15 October 2008


I've never been so frustrated and confused about whom to vote for.

God created society with four separate and distinct governing institutions, each with a separate and distinct sphere of authority: the state (civil government), the church, the family, and the self. If one of these institutions breaks down, it's not an option for the others to step in and take over its responsibilities; that leads to disaster. Instead, the other institutions must work to re-build that which has fallen, strengthening whichever one has broken down. Since the election is about the civil government, I'll focus there, but an understanding of this principle of jurisdictional sovereignty is key.

Civil government is responsible for (I may have forgotten a few, but this is the gist of what's been rolling around in my mind) …
  • protecting our rights - not granting them (which the government has no power or authority to do); this includes the rights to life, liberty, and property, freedom of speech, freedom to practice our religion - well, read the Bill of Rights for the full list; you get the idea. This doesn't mean protecting us from our own bad decisions.
  • defense - the military on a federal level, the police force and fire department on a local level
  • regulating commerce - not to make business decisions for us or to decide on productivity levels or where we should invest, but to protect us from one another where necessary (we are, after all, sinners); includes infrastructure
  • the judiciary - again, because we're sinners there will be crimes committed and there will be disagreements between people which need to be settled
  • relations with other nations - including treaties and immigration.
That civil government governs best which governs least. Our Constitution gives the federal government very limited powers; given that inch, they've flown to the moon. The federal level of government should have the least day-to-day influence on our lives as it is farthest from us and therefore farthest away from our influence. Instead it has the most. Can you name your mayor? What issues are before your city or town council this month? I don't know, either.

In addition to that, I'm a fiscal conservative who doesn't believe in debt (the only debt we have is our 16 year-old mortgage and we're working to pay that off as soon as we can) or consistently living beyond one's means. Tax dollars spent by the government actually belong to the people who paid the taxes (something most politicians and recipients of government largesse have conveniently forgotten or never knew). I also believe that the free market, while not perfect (nothing sinful man is responsible for can be), is the best economic system ever devised by man, giving the most liberty to the most people and raising productivity and standards of living. (Recommended reading: Economics in One Lesson, by Henry Hazlitt and Basic Economics, by Thomas Sowell)

I'm a social conservative who believes that life begins at conception, marriage is an institution ordained and created by God, that parents are ultimately responsible for raising their children and do so with the support and encouragement of the local church and community, and that the family (as the main building-block of society) should be protected. I also believe that the family is primarily responsible for welfare by taking care of its own. If there's no family, or the family is unable, then the responsibility falls to the church or to private and voluntary endeavors. Private welfare requires contact with real people, real accountability, and real change; it doesn't sentence families to generations of poverty. We'll always have the poor with us, but membership in this group should be a temporary thing. (Recommended reading: The Tragedy of American Compassion, by Marvin Olasky and Bringing in the Sheaves, by George Grant)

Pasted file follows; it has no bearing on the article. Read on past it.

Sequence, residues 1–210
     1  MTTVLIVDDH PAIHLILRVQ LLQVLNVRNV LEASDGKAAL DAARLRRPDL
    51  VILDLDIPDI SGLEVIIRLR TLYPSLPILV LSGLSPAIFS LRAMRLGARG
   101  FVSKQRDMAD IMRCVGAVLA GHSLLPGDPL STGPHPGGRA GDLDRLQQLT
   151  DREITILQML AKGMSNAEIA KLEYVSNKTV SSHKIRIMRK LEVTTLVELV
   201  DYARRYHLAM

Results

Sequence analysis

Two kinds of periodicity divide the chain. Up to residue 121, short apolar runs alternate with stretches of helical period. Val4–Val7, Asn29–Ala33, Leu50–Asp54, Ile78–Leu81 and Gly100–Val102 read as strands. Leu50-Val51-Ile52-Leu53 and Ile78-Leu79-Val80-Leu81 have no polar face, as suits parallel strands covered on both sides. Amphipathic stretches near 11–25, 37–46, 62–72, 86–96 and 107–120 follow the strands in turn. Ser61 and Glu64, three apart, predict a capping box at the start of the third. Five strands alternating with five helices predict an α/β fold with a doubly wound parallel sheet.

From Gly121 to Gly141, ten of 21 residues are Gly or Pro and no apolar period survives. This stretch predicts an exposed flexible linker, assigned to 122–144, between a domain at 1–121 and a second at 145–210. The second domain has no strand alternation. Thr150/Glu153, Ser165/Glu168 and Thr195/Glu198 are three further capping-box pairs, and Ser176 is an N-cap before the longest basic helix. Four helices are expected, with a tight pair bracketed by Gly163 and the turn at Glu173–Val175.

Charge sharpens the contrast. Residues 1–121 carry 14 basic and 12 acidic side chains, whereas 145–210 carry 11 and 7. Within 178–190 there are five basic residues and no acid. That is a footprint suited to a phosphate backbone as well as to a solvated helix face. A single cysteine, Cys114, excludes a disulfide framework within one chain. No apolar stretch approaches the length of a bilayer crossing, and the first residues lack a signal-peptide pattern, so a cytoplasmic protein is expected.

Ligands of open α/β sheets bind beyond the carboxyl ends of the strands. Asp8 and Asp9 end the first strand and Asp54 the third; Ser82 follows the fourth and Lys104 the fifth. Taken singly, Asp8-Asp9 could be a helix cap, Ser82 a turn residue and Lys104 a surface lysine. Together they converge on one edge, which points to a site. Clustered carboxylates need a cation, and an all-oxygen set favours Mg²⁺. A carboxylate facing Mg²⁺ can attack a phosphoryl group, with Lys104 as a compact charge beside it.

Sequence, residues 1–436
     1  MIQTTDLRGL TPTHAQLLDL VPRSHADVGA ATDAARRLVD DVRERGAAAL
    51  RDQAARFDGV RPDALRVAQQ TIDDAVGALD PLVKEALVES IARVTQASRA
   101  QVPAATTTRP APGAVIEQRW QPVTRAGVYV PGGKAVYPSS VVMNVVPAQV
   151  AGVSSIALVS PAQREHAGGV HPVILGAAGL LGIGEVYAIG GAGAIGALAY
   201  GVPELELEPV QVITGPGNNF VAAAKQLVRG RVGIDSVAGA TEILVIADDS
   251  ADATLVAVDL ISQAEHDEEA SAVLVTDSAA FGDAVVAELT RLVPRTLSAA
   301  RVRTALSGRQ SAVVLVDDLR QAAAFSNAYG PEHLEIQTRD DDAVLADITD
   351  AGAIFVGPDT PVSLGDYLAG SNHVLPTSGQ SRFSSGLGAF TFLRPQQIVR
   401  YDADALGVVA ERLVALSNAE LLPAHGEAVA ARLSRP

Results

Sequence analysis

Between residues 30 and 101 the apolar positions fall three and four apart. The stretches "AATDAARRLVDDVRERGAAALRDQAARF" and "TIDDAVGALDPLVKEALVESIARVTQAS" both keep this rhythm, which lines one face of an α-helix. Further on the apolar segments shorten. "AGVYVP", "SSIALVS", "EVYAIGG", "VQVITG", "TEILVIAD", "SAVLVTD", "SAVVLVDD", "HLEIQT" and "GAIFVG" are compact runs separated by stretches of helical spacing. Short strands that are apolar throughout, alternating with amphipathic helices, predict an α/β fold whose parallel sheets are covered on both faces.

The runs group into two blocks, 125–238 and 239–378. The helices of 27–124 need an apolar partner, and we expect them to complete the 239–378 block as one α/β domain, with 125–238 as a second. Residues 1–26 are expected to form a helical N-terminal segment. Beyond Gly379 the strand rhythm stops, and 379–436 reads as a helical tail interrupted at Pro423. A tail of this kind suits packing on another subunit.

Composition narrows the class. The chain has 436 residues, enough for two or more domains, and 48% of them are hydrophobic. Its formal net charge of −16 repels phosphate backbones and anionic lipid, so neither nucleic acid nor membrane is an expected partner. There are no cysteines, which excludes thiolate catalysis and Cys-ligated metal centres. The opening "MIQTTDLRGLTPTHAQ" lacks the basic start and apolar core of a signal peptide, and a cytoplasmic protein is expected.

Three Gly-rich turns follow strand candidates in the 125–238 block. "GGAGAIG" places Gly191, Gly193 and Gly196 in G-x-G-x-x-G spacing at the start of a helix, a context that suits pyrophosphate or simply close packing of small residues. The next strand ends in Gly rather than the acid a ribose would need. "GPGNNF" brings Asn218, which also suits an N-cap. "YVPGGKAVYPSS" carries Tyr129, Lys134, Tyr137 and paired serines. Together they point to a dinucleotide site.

So the question is, whom do I vote for? One of the major candidates is so far out of sync with the Constitution and biblical principle on all these issues that casting my vote for him just isn't an option. The other is one for whom I've never voted and whom I've deliberately gone to the polls late in the day to vote against (even though I knew Arizona would go for him). There are a few issues that separate these candidates, but they're simply different flavors of the same dish. Under both parties, government continues to grow, entitlements continue to mushroom, and our liberties continue to shrink. (Recommended reading: In Pursuit of Happiness and Good Government, by Charles Murray)

Do I vote for the lesser of two evils? Or do I vote for a third party candidate who shares my views on most of the issues even though he probably has no chance of winning? Do I vote principle or pragmatism? And is it really pragmatic to vote for the lesser of two evils?

No answers today, I'm afraid. Just questions.

1 comment:

  1. John Chrysostom made a comment many centuries ago, about how, when a government mandates that rich people give to the poor, it corrupts both. The rich are deprived of the grace of giving, and the poor are deprived of gratitude - who is grateful for that which is not freely given.

    Voting is a privilege, and each of us will have to live with the result. Hard choices.